ETON — Ninth-grader C.J. Smith enjoys school now, but last year he struggled academically, posting standardized test scores just low enough to land him in a special purpose school designed to get students back on track.

“I like the teaching methods,” Smith said of the STEM (Science, Technology, Engineering and Math) Academy housed in the Mountain Creek Academy building in Eton. “I think I’m doing better this year ... They actually explain it to us, how to do (the lessons).”

The STEM Academy began this fall and is funded with a $940,000 federal grant dispersed over three years. It pays for new technology, teacher training and a couple more jobs. A much larger amount was awarded to the Georgia Department of Education, which then selected recipient school systems that had plans for career and technology oriented schools and academies. Whitfield County Schools received a similar $2.6 million grant for the Northwest Georgia College and Career Academy, formerly the Whitfield Career Academy, earlier in the school year.

Murray County Schools now sends eighth-graders who scored below average on their Criterion Referenced Competency Tests, the standardized curriculum assessments, to the STEM Academy for more targeted instruction. Teachers work with students in small groups. Boys have separate classes from girls. All students have digital tablets that allow them to connect to the Internet. Their classes center on the STEM subjects, or at least incorporate them in some way.

Principal Paula Martin said educators are looking for any way they can to help students who have fallen behind or are in danger of doing so. Research, she said, shows students generally do better in school when they have small, gender-based classes, have access to technology and are given extra attention.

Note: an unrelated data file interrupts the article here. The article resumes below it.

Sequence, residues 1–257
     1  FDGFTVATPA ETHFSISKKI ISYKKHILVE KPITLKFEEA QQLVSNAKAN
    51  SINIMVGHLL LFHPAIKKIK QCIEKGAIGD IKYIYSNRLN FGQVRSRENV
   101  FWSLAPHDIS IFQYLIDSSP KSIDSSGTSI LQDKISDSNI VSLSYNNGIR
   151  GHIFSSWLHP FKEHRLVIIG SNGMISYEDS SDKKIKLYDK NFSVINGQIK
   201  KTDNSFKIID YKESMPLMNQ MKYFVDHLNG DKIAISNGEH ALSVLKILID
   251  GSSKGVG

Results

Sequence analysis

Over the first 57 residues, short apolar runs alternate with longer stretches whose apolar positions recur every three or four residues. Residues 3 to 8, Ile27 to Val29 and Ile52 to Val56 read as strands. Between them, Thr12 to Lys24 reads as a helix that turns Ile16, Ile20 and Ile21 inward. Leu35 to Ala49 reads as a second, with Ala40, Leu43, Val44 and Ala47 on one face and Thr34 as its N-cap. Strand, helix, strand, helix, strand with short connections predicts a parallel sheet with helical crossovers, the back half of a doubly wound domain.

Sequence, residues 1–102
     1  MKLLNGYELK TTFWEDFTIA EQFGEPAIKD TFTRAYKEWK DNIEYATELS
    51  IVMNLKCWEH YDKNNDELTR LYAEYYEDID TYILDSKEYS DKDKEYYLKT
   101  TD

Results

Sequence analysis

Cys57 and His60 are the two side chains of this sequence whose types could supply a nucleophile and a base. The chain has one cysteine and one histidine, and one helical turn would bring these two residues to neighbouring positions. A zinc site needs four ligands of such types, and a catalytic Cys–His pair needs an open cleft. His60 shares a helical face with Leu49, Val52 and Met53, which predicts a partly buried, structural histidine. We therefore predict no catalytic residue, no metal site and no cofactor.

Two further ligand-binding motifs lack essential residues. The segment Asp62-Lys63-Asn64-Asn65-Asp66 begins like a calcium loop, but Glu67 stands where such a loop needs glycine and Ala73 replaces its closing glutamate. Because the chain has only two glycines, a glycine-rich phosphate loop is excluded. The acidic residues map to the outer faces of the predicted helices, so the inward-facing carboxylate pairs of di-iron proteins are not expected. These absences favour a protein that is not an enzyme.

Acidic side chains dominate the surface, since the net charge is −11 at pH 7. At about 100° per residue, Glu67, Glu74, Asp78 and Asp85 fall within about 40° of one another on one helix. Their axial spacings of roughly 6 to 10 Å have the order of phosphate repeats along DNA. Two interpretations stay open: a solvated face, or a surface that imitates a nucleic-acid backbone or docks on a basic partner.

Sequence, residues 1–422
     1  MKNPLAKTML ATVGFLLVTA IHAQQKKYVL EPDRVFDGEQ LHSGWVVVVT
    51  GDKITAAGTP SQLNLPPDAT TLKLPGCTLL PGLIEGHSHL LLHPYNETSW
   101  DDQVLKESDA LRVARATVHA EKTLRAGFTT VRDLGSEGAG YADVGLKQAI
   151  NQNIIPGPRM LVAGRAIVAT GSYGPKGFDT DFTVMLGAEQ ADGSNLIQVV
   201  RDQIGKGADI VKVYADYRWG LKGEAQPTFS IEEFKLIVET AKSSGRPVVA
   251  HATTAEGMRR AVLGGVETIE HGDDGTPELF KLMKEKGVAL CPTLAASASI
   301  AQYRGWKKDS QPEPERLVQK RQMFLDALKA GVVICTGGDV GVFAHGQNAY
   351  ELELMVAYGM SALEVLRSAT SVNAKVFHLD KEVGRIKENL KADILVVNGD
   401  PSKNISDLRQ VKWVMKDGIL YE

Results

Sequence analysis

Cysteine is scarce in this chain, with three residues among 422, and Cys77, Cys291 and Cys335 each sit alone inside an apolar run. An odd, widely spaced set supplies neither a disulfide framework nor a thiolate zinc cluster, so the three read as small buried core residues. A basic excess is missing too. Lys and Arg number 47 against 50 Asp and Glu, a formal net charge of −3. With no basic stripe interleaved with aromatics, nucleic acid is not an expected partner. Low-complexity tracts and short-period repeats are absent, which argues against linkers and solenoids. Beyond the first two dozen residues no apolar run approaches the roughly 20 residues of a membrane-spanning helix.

“Any of that stuff we can try to do, we’re trying,” she said. “This hasn’t been done before. We’re the first ones to come at it from this perspective.”

The school serves 42 students, and, even though they’re in ninth grade, their lessons also review eighth-grade concepts to ensure they understand them before moving on. Martin said officials hope to expand the school next year to include sophomores who choose to stay there.

Students had mixed reactions about the Academy. Bridgete McDaniel said it’s definitely a better learning environment than what she had last year, and she understands the work she’s assigned or knows where to find help when she doesn’t.

“I like to do all of (the subjects) because I just love to do school,” McDaniel said, “and I want to be able to reach my goals when I get older. I’m not a technology person, but I get through it and I do good in it. But my favorite subject is math.”

It’s nice to not have immature boys making trouble while you’re trying to learn, she said, but spending the day in a room full of girls carries its own problems and “drama.” Students do get some free time to socialize with those of the opposite sex, and they see each other at times other than in regular classes.

Martin said she believes the gender-based classes have been especially effective for girls, who are sometimes intimidated or uneasy speaking in a class with boys.

Some researchers contend single-sex education actually helps boys even more than girls. Education researcher Leonard Sax argues in his book “Boys Adrift” that single-sex settings can provide an environment in which boys are more free, for example, to write in ways girls often don’t choose. Other researchers say some girl-shy boys aren’t as likely to learn speak out when girls are present.